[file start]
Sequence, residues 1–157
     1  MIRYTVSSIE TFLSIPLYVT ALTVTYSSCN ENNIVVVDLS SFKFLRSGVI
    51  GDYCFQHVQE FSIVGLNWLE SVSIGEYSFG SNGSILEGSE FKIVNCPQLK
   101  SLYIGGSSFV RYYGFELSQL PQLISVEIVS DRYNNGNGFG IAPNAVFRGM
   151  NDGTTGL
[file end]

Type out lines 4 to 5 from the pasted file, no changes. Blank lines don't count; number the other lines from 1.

   101  SLYIGGSSFV RYYGFELSQL PQLISVEIVS DRYNNGNGFG IAPNAVFRGM
   151  NDGTTGL